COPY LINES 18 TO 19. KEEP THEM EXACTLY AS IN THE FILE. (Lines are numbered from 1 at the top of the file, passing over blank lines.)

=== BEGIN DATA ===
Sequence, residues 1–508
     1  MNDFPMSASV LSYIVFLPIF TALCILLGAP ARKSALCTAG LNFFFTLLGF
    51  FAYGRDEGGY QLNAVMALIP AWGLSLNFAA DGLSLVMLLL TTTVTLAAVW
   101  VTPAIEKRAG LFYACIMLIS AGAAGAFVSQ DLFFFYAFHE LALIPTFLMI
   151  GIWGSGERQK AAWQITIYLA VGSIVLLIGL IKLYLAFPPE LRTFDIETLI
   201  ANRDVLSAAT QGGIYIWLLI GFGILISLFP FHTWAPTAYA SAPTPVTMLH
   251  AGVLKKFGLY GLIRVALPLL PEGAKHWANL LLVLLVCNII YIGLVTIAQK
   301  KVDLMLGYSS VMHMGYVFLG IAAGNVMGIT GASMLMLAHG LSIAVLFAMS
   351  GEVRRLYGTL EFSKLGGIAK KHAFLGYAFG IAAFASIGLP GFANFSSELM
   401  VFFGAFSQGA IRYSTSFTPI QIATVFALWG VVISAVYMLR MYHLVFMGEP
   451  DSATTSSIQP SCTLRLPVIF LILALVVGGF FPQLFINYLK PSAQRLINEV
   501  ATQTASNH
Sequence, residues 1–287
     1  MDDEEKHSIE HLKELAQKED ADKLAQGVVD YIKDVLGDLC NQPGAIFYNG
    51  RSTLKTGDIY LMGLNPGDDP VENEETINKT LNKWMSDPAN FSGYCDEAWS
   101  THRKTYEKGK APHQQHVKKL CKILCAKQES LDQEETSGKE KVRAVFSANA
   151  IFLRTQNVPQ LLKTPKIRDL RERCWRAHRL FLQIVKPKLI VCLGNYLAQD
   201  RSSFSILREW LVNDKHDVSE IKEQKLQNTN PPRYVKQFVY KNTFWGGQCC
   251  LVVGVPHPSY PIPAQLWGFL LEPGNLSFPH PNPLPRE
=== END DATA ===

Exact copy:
   201  RSSFSILREW LVNDKHDVSE IKEQKLQNTN PPRYVKQFVY KNTFWGGQCC
   251  LVVGVPHPSY PIPAQLWGFL LEPGNLSFPH PNPLPRE